That's my first reaction to reading How Self-Expression Damaged My Students.
The author's premise is both disingenuous and absurd. He thinks (and thus
taught) that process writing is ONLY expressivist. His whole argument, then, is like saying "running" can't be taught
because he modeled sprinting to his students but they didn't get
faster. I guess nobody every told him that running can serve other ends
put, process/expressivist (call it what you will) is a MEANS for young
writers to explore their thoughts and ideas. but...BUT (!!!) it doesn't follow
that those thoughts and ideas MUST be channeled into narrative or fiction or "the day the kittens were born" or a poetry chapbook called "Me."
I feel embarrassed to be the one stating the patently OBVIOUS . . . but, well, why didn't the
teacher use his writer's workshop as a "test kitchen" for students to
develop ideas for expository writing that actually exists in the real world: reviews,
proposals, evaluations, "how-to's," blog posts, newsletters, public speeches, analysis and
interpretation of current events, executive summaries,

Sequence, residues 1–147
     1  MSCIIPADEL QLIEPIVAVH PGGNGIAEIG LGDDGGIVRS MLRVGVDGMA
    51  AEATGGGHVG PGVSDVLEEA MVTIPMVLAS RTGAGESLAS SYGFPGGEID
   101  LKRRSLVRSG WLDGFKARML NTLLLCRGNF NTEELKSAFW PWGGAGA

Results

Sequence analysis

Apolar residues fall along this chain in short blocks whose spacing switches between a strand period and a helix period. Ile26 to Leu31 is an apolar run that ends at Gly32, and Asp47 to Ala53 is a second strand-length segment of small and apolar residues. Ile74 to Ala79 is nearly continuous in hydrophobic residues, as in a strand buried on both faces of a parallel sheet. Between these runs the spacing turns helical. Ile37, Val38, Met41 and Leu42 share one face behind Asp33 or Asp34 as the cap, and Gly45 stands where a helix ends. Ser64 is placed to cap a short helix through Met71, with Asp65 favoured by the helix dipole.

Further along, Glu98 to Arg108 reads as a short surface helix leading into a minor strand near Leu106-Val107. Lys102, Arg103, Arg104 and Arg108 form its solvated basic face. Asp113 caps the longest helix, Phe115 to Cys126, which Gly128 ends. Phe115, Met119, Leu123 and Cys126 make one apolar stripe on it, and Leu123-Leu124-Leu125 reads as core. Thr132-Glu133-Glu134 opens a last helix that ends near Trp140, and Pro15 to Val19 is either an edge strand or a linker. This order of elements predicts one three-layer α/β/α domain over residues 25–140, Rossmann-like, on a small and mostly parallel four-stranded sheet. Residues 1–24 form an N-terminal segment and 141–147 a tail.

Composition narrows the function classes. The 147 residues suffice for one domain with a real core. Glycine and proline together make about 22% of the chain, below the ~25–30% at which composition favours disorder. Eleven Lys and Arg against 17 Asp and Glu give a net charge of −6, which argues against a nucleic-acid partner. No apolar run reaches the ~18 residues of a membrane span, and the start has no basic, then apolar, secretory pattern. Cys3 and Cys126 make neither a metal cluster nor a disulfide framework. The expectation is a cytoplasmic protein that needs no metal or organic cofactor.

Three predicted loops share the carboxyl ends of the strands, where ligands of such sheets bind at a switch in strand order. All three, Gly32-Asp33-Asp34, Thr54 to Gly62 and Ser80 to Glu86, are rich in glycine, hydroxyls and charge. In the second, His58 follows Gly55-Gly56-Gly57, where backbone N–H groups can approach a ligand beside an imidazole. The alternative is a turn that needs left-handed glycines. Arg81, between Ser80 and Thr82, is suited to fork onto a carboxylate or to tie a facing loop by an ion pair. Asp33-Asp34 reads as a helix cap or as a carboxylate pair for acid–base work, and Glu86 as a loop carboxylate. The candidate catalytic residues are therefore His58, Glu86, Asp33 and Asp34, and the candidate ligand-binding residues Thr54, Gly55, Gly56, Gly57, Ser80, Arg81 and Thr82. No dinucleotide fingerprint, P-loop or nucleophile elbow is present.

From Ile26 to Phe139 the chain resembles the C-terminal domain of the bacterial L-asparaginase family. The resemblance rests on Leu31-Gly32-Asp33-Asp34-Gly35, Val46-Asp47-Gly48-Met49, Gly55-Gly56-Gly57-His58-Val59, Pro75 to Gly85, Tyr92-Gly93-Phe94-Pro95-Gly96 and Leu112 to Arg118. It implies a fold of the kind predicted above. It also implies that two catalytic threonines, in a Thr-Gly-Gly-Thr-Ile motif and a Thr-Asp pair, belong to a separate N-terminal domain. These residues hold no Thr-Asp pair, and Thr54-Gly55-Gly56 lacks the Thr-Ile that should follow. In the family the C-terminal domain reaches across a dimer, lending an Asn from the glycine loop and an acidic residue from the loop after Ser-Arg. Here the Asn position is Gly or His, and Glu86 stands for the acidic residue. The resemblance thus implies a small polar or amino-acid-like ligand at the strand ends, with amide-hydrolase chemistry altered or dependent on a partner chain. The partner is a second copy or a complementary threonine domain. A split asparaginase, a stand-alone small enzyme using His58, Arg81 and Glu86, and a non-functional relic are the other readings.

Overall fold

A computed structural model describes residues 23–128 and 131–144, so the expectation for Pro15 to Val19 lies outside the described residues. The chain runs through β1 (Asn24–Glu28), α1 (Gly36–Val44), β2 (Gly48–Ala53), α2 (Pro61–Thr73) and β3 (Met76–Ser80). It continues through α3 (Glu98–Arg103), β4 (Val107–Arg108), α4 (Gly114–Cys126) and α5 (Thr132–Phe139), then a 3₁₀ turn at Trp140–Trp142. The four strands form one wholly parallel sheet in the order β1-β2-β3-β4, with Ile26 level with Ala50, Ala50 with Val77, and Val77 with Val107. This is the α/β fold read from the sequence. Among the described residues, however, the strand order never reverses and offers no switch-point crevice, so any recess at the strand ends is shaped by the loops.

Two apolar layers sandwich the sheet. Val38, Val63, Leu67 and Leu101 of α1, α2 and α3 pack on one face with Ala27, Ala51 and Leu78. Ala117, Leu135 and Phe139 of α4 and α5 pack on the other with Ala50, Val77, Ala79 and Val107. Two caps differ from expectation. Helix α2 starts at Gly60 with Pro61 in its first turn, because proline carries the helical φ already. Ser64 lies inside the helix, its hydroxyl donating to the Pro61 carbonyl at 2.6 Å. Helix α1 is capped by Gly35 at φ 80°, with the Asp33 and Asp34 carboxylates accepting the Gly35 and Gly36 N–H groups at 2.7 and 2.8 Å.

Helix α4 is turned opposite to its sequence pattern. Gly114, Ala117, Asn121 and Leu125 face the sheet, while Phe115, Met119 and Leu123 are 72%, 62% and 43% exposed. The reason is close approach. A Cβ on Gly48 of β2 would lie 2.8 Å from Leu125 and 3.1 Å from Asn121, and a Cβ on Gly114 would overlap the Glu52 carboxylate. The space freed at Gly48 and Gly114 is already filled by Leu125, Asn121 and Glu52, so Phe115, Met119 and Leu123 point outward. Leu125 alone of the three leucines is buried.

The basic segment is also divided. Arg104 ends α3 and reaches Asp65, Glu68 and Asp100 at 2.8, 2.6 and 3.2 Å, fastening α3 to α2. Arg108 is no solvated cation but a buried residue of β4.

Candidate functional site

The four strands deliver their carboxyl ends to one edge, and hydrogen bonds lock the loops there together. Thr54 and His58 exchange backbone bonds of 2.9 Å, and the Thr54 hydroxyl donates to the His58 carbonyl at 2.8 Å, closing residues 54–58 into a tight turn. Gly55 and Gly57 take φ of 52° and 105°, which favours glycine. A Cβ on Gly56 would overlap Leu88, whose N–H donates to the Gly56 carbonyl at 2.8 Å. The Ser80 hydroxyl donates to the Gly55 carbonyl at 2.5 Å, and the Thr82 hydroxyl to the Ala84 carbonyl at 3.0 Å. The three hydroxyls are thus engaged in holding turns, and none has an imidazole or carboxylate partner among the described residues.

advertisements, letters of request, calls to action,
request for information, etc.? (These genres, with a bit of trial and error, can be spiraled up or down to different grade levels.)
author tries to blame everyone but himself. He blames the "process
method" for its failed approach . . . and he blames the students for
failing to learn how to magically polish their prose (absent any
instruction). Perhaps all of this could have been solved if the teacher didn't ONLY focus on exploratory writing. Perhaps he could have done what most writing teachers do, which is this:
1. let the students explore, create, and discover.
2. then help them establish an authentic audience and purpose for their raw material.
3. then (after they've edited and revised and work-shopped) model proofreading.
did ya notice how the author never gives ANY direct examples (or specifics showing)
that his students didn't learn to write? He just goes into the cargo
cult metaphor. I found that very, very weird. Can someone show me one single sentence in the article where he actually addresses (concretely, specifically) what aspects of the students' writings he found unsuccessful . . . and why?
In other words, if I were to talk about an approach (a writing theory/model) I tried in my classroom and how it didn't work, I would do this:
Discuss the approach.
Discuss its rationale.
Show what we did (artifacts).
Analyze the artifact's quality (good, bad, rhetorical, etc.).
Generalize how the approach did or did not influence the quality of the artifacts.
Instead, here's the approach the author used.
Discuss the approach.
Discuss it rationale.
Make a metaphor.
Generalize about writing instruction.
And this guy wonders why he failed as a writing teacher.